Embedded deep within our mass culture is the desire to see itself destroyed. Mostly unacknowledged, it is the desire to destroy the monolithic, unipolar structure (which the social and political aspects of mass culture are manifestations) that is the slowly accumulating more power. In consolidating power down to a singularity, it has subsumed all forms of rebellion up to the ultimate rebellion: death. These conditions have created a monolithic culture that is essentially committing suicide in that the only viable avenue of rebellion is both symbolic and incomprehensible in terms of the non-marginalized discourse. It is symbolic in that the acts of rebellion are not in themselves merely acts of rebellion, but they are terrorist acts, acts that by virtue of the mass culture’s monopoly on the discourse of rebellion require Others (outsiders, those who have been marginalized [either in perception or in reality – are these separable?] and are excluded from any other form of acceptable discourse) to change the rules, change the nature of the discourse of rebellion. So far, this seems to be achieved by the embracing and utilizing of death and the embracing and controlling the image-event.
Because we are unable to accept death in any form, but specifically when young men and women are sent to die in foreign countries (this is, among many other things, part of the scarring done by the Sixties and Vietnam), we find incomprehensible when men or women (children even more so) choose to use their deaths as a weapon, to make their individual deaths symbolic. We want a clean war, a war where we die as little as possible, where we are absolved in the end (which is quite often accomplished by victory). Our ideal is a war of technocratic superiority where cities are destroyed and death rains down from above, where we commit as few people as possible to the traditional concept of war where combatants meet on a battlefield and engage each other to the death. So, as everyone who has engaged in warfare since time immemorial, we have sought to use modern technology to limit our losses in the field, but we still hold that the enemy must meet us on this field, where we might show up after the “theater” has been “softened” from afar. Our enemies have taken to integrating themselves into the communities that we ostensibly seek to liberate in the vain hope that it will provide some safeguard, that we will not destroy “civilians”. What they do not realize is that the civilians are also the Others and that we do not care about those who are killed purposefully or inadvertently, which I suspect is due to a latent suspicion on our part that they are all guilty anyway. (Intuitively, I would guess that this feeling arises both from cultural and geographic distance [they are guilty for not being born here, they are guilty because they dress, eat, walk, and sing differently] and because they are necessarily the Other [non-Christian, non-Capitalist, non-White].) Still, the images of their deaths are limited as well; we accept that other people are dying as long as it does not interrupt the image-events, as long as we do not have to see it and therefore have some degree of culpability. We have made this problem of culpability a non-starter by removing from mass culture the reality of death and replacing it with at best simulacra and at worst image-events that allow for easy abstraction, digestion, or indifference.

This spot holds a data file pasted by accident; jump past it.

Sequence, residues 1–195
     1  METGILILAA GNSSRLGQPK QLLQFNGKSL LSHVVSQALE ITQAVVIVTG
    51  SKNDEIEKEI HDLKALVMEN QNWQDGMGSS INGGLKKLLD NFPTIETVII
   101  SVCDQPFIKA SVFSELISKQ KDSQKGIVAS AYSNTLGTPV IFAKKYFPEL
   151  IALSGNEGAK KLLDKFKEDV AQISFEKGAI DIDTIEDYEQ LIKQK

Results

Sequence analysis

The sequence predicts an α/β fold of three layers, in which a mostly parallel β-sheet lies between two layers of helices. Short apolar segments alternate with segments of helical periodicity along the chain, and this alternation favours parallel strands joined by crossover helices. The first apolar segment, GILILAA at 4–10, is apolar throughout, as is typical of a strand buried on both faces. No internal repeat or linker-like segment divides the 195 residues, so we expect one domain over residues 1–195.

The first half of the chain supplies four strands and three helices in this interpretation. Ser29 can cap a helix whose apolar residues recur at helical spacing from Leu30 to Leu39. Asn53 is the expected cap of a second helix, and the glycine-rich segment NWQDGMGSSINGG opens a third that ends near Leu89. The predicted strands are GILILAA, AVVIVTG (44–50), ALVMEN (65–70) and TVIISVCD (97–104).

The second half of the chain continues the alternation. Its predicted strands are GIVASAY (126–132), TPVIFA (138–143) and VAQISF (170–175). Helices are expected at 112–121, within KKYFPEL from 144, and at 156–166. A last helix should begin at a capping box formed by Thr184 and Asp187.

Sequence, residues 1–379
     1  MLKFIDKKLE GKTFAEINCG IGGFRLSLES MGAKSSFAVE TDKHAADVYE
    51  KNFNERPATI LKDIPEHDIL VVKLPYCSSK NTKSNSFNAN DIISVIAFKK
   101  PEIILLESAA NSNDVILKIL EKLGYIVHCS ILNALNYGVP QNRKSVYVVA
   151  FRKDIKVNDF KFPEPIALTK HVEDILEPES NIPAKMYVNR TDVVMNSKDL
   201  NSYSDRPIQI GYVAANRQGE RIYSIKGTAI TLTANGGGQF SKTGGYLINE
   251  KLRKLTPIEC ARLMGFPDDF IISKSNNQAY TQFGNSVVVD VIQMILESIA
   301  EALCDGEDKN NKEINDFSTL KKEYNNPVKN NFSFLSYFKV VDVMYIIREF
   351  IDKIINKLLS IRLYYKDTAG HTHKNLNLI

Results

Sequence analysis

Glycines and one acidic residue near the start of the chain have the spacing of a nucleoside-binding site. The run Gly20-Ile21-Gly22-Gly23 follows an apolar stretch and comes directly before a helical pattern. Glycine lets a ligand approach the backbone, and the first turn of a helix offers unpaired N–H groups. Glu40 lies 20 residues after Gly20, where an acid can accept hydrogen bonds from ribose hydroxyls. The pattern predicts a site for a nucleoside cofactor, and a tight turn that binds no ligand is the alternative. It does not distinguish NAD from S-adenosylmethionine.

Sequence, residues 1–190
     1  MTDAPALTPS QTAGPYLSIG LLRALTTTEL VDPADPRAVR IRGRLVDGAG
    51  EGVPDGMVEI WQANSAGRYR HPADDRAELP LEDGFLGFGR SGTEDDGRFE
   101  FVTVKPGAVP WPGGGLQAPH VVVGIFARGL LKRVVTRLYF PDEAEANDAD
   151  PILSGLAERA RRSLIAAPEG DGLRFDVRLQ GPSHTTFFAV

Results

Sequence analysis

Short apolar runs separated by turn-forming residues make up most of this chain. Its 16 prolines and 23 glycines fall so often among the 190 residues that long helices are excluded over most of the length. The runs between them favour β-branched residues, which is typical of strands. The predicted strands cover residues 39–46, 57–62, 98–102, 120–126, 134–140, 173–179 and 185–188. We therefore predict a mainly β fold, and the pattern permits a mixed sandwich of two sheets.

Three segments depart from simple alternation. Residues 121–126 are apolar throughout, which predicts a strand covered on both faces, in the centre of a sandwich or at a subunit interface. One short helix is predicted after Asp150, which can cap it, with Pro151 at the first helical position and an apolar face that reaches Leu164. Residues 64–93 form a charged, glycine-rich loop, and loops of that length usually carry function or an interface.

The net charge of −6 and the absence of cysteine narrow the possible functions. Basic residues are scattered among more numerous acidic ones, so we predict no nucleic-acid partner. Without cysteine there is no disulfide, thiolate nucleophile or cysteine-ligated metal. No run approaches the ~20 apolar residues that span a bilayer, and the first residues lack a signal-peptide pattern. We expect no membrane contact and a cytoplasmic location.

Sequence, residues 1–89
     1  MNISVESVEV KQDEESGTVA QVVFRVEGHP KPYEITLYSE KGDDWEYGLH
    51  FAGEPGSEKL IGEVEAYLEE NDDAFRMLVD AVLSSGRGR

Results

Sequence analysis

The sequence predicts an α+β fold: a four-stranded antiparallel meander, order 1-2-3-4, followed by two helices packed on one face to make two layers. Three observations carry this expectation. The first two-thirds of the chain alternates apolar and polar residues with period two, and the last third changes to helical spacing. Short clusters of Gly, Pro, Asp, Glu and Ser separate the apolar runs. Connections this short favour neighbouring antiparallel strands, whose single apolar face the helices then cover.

It seems that we look upon all broadcast events equanimously, for they are not real, but are instead images of spectacles, which incidentally have become the inter-subjective agreement of what is real. This deluge of image-events through mass culture is rendered less concrete by their transience; no sooner is one exhibited, then it is replaced by another. The image-events are all morally equal: whether it is the “fiction” of cinema or television or the “reality” of broadcast news and print media, they occupy the same moral space as long as we are removed far enough from the spectacle. A friend of mine was living in Brooklyn on 9/11. He awoke as the planes where crashing into the towers. He turned on his television only to realize that he could see the event (the second plane crashing into the tower) occur outside his window. I have to wonder which view felt more real to him: the event framed by the window (much in the same way the event was framed by the television) must have been surreal, incomprehensible, or the view on the television made intelligible and thereby real by the ticker tape and captions to carefully lead him through the event. The view from the window afforded him no such luxury. It must have been an odd feeling to have an experience where one could choose between an unintelligible live event and a quasi-intelligible image-event. Ultimately, I think that we would choose (not only in this circumstance, but in most) the image-event and the simulacrum over the first hand experience of the event. If this is the case, then whoever controls the image-events controls inter-subjective agreement, social discourse, and ultimately, our shared reality.